For the past 30 years there have been government and private programs to encourage minority and women-owned entrepreneurship. During this time, the number of minority and women-owned businesses have grown significantly. So have we done the job? Why are there still special programs?

The following shows why these businesses are being called disadvantaged:

  • In 2010, African-Americans were starting businesses with 11.5% of the capital of their non-Hispanic white counterparts.
  • Minority businesses are clustered in non-growth industries.
  • Minorities and women are less likely to incorporate or partner with others, which has been a key factor in determining success.

All of this means that these businesses still have a harder time surviving than their non-Hispanic white counterparts.

Below, you will find programs to assist minority and women-owned businesses. However, these programs are only the first step. According to Kaufmann Foundation studies, the next step is for minority and women-owned businesses to make a fundamental mind-shift and think BIG. Here are some ideas:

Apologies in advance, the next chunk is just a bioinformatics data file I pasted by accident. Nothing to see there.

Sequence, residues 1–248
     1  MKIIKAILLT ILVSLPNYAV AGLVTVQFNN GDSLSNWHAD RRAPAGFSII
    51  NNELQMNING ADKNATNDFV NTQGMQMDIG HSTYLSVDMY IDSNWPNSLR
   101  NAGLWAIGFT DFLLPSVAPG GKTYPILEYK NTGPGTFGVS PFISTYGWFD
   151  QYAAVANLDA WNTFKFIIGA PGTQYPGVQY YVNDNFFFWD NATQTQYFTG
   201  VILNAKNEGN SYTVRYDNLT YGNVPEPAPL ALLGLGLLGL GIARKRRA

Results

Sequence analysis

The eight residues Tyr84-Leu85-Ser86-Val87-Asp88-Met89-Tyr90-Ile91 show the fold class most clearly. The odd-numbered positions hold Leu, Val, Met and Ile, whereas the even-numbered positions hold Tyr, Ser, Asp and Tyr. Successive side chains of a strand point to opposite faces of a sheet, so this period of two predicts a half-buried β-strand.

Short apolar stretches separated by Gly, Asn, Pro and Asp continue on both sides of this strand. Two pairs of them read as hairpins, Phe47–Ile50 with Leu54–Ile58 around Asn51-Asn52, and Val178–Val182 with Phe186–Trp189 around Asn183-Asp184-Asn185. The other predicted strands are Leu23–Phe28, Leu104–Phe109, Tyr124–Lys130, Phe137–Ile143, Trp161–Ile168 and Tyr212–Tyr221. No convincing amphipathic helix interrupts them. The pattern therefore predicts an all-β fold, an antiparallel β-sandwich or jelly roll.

• Look for and diversify into growth opportunities.
  • Think about mergers and strategic partnerships.
  • Think beyond your current family business and create something that will reach beyond your local community.
  • Realize that existing businesses NEED to connect to your community and don't know how. About 28% of the US population is minority (and 50% are women). The concentration of minorities among the younger population is even higher. No one can ignore this and stay in business. Your minority status can be your greatest asset.
  • Be more visible - in organizations, on company boards, in your community.
  • Get a business mentor or a team of mentors and then use every program available to grow your business.

Disadvantaged Businesses

Business assistance

Government contracting


Private businesses